Onward and Upward: What Accountants Should Focus on to Positively Impact Their Careers

Technology advancements usually have us looking for faster and easier ways to get our work done. However, this can lead to complacency, with professionals failing to take proactive steps to many professionals don’t often step back and look at the ways in which our entire profession as accountants is being impacted.

Late last year, The CPA Journal published an article highlighting the drastic changes we have seen in our profession due to technology and that many professionals are considering how they will move their careers forward in this new environment.   

The CPA Journal article findings seem to echo Dimensional Research’s study “Understanding the Modern Controller,” which reported that showed 96% of controllers feel technology has had a big impact on their role, and that they spend more than three-quarters of their time on IT management. Clearly, the days of ledger paper and green bar accounting reports are very far behind us. 

It also appears the vast majority (95%) of controllers in the survey feel their jobs are, “…more important and strategic than in the past.”  Whether you are a freshly minted accountant or a seasoned pro, the writing is on the wall and we will need to continue to evolve to remain relevant. The CPA Journal article gives us several key areas in which to focus as summarized below.

Strategy vs. Reporting

These days, it takes minutes to create a traditional financial report. There’s even software easily accessible to create graphs and tables that just 10 years ago would take hours of manipulating in Excel. In the past, accountants were asked to use this data to interpret the story it told and diagnose the issues potentially preventing the company from reaching its goals. According to Raef Lawson, accountants need to move higher up the “…analytics continuum to predictive, prescriptive and adaptive.” We see this as leaning into a role of looking forward by considering possible alternatives, how to react to them, and finally, how to adapt the approach going forward. 

Technology Will Set You Free

While technology can present its own challenges at times, it also gives accountants the opportunity to break free from the drudgery of counting beans. Instead, they’re freed up to use their business acumen to perform trend analysis, research alternatives, and work alongside leadership.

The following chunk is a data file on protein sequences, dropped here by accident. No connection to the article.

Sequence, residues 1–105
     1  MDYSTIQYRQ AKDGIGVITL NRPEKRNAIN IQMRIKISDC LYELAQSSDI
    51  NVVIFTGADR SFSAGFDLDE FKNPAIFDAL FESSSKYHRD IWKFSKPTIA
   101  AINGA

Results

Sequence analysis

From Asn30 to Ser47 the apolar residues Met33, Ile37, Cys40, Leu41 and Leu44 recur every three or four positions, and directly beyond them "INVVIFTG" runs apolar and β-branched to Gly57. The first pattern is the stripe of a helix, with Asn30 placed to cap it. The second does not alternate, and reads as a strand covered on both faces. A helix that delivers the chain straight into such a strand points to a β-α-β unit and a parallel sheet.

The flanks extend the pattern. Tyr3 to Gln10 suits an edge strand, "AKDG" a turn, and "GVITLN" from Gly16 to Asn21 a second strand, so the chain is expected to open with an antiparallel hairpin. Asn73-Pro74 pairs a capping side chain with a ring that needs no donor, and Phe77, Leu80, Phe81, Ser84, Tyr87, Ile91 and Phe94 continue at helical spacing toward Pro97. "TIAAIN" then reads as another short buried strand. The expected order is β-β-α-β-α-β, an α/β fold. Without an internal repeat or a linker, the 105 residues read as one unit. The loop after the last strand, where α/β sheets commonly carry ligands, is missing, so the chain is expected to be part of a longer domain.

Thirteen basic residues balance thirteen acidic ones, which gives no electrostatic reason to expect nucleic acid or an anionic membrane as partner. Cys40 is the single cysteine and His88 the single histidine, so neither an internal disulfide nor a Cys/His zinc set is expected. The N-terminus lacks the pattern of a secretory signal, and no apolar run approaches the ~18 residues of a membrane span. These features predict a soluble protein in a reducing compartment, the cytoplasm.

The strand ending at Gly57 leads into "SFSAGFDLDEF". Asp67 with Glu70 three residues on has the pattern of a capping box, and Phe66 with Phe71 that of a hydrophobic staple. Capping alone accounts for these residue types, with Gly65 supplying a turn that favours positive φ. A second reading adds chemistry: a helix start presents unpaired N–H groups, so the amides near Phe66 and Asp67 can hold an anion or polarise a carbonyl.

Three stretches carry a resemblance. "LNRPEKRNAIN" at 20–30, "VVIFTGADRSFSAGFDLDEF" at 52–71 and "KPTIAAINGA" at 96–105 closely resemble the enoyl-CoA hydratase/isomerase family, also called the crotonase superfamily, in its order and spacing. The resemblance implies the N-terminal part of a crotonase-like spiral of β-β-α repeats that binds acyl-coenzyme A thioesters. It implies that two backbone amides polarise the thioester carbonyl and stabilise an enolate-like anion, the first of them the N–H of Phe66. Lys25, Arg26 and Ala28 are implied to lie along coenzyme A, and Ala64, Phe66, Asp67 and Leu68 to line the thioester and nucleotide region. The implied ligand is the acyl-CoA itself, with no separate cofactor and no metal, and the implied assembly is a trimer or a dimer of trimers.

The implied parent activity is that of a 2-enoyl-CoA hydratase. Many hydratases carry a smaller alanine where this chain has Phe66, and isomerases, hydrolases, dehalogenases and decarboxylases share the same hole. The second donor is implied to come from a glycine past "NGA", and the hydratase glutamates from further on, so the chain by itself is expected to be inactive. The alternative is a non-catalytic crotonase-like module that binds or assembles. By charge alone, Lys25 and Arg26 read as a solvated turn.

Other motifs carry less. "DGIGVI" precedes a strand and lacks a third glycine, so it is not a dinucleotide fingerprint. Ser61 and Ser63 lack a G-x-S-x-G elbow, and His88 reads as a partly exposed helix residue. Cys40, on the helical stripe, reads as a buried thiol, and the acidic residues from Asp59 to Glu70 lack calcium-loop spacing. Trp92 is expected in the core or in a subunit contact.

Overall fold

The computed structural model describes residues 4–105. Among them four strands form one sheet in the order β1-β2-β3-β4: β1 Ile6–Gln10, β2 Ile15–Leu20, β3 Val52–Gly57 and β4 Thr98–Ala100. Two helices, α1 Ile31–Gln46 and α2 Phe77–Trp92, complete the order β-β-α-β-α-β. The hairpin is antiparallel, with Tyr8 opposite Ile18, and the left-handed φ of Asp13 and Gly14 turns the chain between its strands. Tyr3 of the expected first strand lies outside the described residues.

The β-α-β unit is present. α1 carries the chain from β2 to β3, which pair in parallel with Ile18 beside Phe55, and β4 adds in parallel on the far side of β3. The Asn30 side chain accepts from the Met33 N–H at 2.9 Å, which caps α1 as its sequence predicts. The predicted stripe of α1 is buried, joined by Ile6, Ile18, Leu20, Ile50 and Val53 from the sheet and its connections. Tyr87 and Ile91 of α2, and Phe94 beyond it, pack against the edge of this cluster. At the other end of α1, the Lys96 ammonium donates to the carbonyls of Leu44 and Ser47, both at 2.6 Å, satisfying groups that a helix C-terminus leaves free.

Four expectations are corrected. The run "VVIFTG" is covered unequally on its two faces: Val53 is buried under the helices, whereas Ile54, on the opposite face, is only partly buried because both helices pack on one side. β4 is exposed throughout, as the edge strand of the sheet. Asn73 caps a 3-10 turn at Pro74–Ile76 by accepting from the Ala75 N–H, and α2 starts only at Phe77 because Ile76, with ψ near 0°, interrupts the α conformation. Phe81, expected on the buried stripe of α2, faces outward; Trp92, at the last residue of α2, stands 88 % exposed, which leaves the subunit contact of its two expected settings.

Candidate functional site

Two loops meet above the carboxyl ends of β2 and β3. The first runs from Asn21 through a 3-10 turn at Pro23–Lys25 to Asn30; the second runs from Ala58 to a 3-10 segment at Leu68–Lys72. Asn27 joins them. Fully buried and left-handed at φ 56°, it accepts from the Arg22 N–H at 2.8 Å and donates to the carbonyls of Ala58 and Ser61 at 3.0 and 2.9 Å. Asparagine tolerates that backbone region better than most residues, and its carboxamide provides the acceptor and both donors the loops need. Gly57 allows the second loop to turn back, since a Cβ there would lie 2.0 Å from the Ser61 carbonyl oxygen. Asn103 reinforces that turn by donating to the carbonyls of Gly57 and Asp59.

Risk Managers Replace Number Crunchers

Both the Dimensional Research survey and the CPA Journal article highlight the changing roles of accounting leaders to a focus on functioning as the internal control guardian. Data security and protection of intangible assets requires hyper-vigilance as their value to a company has increased significantly. Don’t forget the ethical component of internal controls: Company risk regarding ethics extends far beyond the abuse of expense accounts into the significant value of intangible assets such as a company’s brand and ethical employee behavior surrounding their affiliation. Additionally, as the accounting profession moves to influence strategic company decisions, accountants’ own ethical behavior is challenged at a new level. 

Finally, we can’t help but make a connection between all of this change in our profession and Dimension Research’s survey results showing that almost nine in 10 controllers feel their position is more stressful than 10 years ago. Many at the middle-management levels came into this profession when number-crunching was still a primary responsibility. While the study finds the top reasons for the increased stress levels to include: Demand for faster turnarounds, increase in workload, and increasing compliance requirements; it is critical in the rapidly changing profession to take a step back and evaluate what new skills you need to weather the storm. 

What Does It All Mean

There’s a lot to consider here. With the uncertainty surrounding pretty much everything at the moment, it’s natural to be wary of what’s to come. Ultimately, there is solace in self improvement.

Here’s what you should consider:

  • How will you move your career forward in the next decade? 
  • What skills do you need to stay relevant and reduce your stress surrounding changes in the profession since you first sharpened your #2 pencil in college Accounting 101?
  • If you are a newcomer to the profession, how will you leverage your technology skills to provide high-value analysis for leadership? 

Check out the full Dimensional Research study